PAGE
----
18: Christer Brönmark and Lars-Anders Hansson: Aquatic chemical ecology: new directions and challenges for the future


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Christer Brönmark is a professor of Limnology at the Department of Biology/Limnology at Lund University, Sweden. His main research interests resolve around the importance of indirect interactions in freshwater food webs and how these affect the structure and function of lake ecosystems. Here, chemical cues from predators have been shown to affect the behaviour and morphology of their prey and such trait-mediated interactions may in turn affect organisms at lower trophic levels. A spectacular example of an inducible morphological defence was shown in the Crucian carp that responded to diet-related chemical cues from piscivorus fish by increasing their body depth. Brönmark has published more than 80 papers in international, peer-reviewed journals and has published a textbook (The Biology of Lakes and Ponds) at OUP (together with Lars-Anders Hansson). Besides research Brönmark has long experience of teaching at both the undergraduate and the graduate levels.

Lars-Anders Hansson is a professor of Limnology at the Department of Biology/Limnology at Lund University, Sweden. His main research interests includes direct and indirect interactions in freshwater systems, specifically how organisms use plastic traits and chemical cues to simultaneously handle and compromise among multiple threats. He has performed studies on most aquatic organisms, but the main focus has been on free swimming plankton organisms and the mechanisms behind their migration and movements. Within this research area he has introduced nanoparticles as tracking devices, allowing studies on behaviour, responses to chemical cues and migratory patterns of these small organisms. Hansson is also teaching at undergraduate and graduate courses in aquatic ecology and has a long publication record and has, together with Christer Brönmark written a text book in Limnology (The Biology of Lakes and Ponds) and also co-edited a book on Lake restoration (together with Eva Bergman).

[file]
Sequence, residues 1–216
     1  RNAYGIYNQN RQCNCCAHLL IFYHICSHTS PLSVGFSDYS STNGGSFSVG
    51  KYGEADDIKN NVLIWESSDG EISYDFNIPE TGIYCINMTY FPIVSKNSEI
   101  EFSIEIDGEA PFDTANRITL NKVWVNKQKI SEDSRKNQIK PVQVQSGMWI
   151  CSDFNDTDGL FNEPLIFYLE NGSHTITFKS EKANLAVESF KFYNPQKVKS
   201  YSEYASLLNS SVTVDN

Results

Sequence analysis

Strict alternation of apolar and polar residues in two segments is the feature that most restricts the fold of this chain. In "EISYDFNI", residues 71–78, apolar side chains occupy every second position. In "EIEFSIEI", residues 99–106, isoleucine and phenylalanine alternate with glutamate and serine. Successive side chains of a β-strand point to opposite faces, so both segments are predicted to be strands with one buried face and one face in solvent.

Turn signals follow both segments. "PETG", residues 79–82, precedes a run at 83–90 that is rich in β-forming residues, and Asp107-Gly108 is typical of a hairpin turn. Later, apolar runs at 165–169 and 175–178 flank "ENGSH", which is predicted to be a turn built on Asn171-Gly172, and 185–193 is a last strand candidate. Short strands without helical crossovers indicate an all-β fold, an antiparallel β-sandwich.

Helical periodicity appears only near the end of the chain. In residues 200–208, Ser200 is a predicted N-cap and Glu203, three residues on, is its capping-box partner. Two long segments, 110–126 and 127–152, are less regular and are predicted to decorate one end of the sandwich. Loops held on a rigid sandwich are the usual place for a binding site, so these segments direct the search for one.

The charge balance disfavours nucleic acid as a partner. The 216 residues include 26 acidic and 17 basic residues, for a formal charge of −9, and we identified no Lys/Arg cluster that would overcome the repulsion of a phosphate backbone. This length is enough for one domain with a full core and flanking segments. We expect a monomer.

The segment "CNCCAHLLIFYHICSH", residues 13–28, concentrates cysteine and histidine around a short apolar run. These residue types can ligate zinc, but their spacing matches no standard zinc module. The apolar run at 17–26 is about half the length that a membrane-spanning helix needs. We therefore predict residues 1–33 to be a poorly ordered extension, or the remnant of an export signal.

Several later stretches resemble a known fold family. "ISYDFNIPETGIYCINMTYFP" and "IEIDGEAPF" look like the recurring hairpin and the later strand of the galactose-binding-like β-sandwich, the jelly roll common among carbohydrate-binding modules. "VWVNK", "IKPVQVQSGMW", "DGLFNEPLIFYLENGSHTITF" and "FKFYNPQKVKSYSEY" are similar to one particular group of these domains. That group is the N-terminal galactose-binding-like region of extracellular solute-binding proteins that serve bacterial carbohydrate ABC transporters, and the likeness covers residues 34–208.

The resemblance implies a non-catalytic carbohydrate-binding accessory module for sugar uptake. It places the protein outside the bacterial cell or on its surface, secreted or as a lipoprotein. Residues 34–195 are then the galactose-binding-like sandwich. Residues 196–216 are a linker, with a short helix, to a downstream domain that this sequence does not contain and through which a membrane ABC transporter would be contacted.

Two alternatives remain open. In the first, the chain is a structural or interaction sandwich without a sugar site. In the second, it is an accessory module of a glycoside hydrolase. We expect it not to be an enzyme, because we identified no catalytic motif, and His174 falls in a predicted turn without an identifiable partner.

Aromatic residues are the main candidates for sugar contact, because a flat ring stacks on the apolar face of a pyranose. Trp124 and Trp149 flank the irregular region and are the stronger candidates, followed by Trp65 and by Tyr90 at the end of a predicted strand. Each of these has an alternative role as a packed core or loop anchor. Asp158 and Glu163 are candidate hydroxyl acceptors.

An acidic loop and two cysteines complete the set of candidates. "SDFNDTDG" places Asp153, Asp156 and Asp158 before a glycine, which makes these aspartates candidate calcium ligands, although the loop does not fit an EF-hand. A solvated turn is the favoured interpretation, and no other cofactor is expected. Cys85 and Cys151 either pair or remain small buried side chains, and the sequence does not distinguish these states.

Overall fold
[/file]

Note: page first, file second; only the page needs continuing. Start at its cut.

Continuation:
Jelle Atema, Boston University, USA
Josh R. Auld, West Chester University, USA
Finn Baumgartner, Gothenburg University, Sweden
Thomas Breithaupt, University of Hull, UK
Christer Brönmark, Lund University, Sweden
Grant E. Brown, Concordia University, Canada
Gunnar Cervin, Gothenburg University, Sweden
Douglas P. Chivers, University of Saskatchewan, Canada
Charles D. Derby, Georgia State University, USA
Swantje Enge, Gothenburg University, Sweden
Maud C.O. Ferrari, University of Saskatchewan, Canada
Gabriele Gerlach, Carl von Ossietzky University Oldenburg, Germany
Elisabeth M. Gross, University of Konstanz, Germany
Lars-Anders Hansson, Lund University, Sweden
Jörg D. Hardege, University of Hull, UK
Cornelia Hinz, Carl von Ossietzky University Oldenburg, Germany
Cynthia Kicklighter, Goucher College, USA
Julia Kubanek, Georgia Institute of Technology, USA
Christian Laforsch, Ludwig-Maximilians-University Munich, Germany
Catherine Legrand, Linnaeus University, Sweden
Miquel Lürling, Wageningen University, The Netherlands
Göran M. Nylund, Gothenburg University, USA
Henrik Pavia, Gothenburg University, USA
Scott D. Peacor, Michigan State University, USA
Georg Pohnert, Friedrich Schiller University Jena, Germany
Karin Rengefors, Lund University, Sweden
Erik Selander, Technical University of Denmark, Denmark
Ole B. Stabell, University of Agder, Norway
Ulrich K. Steiner, INSERM U1001, France
J. Robin Svensson, Gothenburg University, Sweden
Urban Tillmann, Alfred Wegener Institute, Germany
Ralph Tollrian, Ruhr University Bochum, Germany
Gunilla B. Toth, Gothenburg University, USA
Andrew M. Turner, Clarion University, USA
Eric von Elert, University of Cologne, Germany
Linda Weiss, Ruhr University Bochum, Germany
Marc Weissburg, Georgia Institute of Technology, USA
Richard K. Zimmer, University of California, USA